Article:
Japan Geoscience Union Meeting 2016

Presentation information


Symbol M (Multidisciplinary and Interdisciplinary) » M-IS Intersection

[M-IS17] Paleoclimatology and paleoceanography

Tue. May 24, 2016 3:30 PM - 5:00 PM A04 (APA HOTEL&RESORT TOKYO BAY MAKUHARI)

Convener:*Tomohisa Irino(Faculty of Environmental Earth Science, Hokkaido University), Minoru Ikehara(Center for Advanced Marine Core Research, Kochi University), Akira Oka(Atmosphere and Ocean Research Institute, The University of Tokyo), Yusuke Okazaki(Department of Earth and Planetary Sciences, Graduate School of Science, Kyushu University), Ikuko Kitaba(Research Centre for Palaleoclimatology, Ritsumeikan University), Akihisa Kitamura(Institute of Geosciences, Faculty of Science, Shizuoka University), Masaki Sano(Research Institute for Humanity and Nature), Ryuji Tada(Department of Earth and Planetary Science, Graduate School of Science, The Univeristy of Tokyo), Takeshi Nakagawa(Ritsumeikan University), Akira Hayashida(Department of Environmental Systems Science, Doshisha University), Chair:Yusuke Okazaki(Department of Earth and Planetary Sciences, Graduate School of Science, Kyushu University)

3:30 PM - 3:45 PM

[MIS17-31] “Diatomaceous ocean weathering”: a new concept to understand the paleoceanic environment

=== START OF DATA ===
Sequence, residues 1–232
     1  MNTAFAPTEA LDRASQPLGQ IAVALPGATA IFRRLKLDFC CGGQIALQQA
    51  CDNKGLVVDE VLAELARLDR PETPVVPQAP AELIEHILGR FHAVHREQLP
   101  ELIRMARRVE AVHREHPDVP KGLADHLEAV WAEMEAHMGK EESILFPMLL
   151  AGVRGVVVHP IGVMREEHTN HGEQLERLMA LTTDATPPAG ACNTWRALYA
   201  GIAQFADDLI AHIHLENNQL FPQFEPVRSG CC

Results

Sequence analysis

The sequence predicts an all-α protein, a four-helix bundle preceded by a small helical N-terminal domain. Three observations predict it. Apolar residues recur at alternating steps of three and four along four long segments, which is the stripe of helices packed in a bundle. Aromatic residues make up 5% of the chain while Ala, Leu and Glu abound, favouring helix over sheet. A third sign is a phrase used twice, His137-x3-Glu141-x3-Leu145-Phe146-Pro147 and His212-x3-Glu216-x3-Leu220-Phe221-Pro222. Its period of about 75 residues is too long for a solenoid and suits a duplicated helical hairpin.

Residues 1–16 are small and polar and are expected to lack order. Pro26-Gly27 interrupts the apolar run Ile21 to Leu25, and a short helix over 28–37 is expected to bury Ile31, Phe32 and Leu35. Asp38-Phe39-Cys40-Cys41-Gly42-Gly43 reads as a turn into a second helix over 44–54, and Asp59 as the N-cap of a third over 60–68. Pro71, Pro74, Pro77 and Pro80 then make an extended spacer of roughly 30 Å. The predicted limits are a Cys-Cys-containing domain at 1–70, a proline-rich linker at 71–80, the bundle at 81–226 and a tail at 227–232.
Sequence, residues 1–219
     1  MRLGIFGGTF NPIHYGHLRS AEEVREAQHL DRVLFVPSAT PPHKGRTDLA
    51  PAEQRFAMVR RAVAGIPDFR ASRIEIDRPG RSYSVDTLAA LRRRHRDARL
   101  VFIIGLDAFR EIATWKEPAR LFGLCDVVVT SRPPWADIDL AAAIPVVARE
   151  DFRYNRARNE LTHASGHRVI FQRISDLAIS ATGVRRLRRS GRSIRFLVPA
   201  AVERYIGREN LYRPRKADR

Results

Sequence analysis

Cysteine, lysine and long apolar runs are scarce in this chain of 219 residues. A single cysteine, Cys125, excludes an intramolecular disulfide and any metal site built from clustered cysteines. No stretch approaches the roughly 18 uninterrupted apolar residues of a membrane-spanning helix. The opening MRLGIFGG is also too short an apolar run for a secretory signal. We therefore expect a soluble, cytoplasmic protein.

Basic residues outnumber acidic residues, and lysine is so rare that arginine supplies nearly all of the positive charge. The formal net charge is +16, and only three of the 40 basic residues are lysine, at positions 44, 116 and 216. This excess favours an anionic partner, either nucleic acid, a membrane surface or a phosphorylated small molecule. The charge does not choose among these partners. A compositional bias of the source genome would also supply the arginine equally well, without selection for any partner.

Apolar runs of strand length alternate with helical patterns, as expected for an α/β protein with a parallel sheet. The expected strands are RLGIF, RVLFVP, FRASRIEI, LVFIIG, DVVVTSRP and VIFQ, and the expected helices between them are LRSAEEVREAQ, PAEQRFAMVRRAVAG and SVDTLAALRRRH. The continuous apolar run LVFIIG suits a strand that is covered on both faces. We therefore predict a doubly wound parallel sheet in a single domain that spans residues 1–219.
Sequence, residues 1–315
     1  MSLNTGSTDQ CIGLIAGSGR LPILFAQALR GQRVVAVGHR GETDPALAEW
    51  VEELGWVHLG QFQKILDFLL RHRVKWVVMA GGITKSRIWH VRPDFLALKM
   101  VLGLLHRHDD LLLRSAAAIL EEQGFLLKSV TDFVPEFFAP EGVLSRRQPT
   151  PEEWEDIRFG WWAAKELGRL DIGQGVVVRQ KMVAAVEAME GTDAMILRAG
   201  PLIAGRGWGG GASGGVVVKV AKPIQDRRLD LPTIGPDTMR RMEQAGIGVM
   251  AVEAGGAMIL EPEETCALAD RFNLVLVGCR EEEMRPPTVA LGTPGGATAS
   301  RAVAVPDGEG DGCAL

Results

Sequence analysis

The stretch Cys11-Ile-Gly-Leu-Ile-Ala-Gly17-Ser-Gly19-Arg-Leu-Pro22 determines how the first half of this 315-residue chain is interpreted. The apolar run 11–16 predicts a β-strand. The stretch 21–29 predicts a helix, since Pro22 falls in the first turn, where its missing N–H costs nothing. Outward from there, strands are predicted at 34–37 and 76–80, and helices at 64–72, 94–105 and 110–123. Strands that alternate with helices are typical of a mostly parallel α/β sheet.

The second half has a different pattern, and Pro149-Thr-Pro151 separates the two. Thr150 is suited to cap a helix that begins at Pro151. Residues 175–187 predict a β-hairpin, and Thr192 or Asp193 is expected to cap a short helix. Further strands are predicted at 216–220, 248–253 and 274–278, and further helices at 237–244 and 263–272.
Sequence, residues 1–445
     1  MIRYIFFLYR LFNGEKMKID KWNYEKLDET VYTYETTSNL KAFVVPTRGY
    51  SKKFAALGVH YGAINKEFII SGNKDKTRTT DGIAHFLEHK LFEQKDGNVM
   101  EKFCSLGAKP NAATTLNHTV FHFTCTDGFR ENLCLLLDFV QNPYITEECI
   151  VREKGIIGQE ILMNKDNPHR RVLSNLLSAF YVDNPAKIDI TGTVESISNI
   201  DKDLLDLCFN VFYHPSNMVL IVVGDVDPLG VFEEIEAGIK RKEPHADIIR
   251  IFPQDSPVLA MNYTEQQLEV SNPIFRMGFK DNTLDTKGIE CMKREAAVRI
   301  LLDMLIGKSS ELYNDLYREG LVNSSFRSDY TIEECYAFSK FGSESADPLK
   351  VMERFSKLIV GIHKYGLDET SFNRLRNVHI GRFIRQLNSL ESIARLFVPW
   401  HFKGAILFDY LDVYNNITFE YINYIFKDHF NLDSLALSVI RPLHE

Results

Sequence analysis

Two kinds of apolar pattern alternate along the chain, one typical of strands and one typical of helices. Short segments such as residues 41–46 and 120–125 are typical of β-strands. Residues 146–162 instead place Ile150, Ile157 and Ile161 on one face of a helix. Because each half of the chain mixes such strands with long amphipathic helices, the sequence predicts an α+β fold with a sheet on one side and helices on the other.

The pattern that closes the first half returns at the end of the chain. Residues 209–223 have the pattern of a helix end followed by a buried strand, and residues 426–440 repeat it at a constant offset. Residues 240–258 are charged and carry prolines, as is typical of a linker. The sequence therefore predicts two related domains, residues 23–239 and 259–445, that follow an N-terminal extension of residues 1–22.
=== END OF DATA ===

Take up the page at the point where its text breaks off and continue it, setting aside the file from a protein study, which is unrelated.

*Tasuku Akagi1 (1.Department of Earth and Planetary Sciences, Faculty of Sciences, Kyushu University)

Keywords:diatoms, weathering, Nd isotope ratio

“Diatomaceous ocean weathering” is a novel physiological action of diatoms, where diatoms disintegrate silicate minerals and incorporate metals in the minerals into their frustules.

The action was inferred in discussing the rare earth element (REE) composition of siliceous matter in diatom-rich settling particles in the Bering Sea. Since then, we have foraged pieces of evidence for the radical action of diatoms. The evidence includes: 1) a fully-consistent picture of the oceanic REE cycling, 2) a balance in REE budget in a water column identified using Nd isotope ratios, 3) evenly-distributed SEM images of Al in diatom frustules, 4) presence of authigenic Al, which is spectroscopically different from that in clay minerals, and 5) numerous earlier analytical studies reporting failure to separate elements in clay and those in diatom frustules.

In this paper, how the new knowledge on the diatomaceous action will affect the interpretation of the distribution of Nd isotope ratios. An example to apply the action to Nd isotope variation recorded in ferromanganese crusts will be presented. It will be shown that quite distinct, but surprisingly reasonable changes in the paleoceanic environment (pCO2 and Si concentration) will be emerged from the discussion.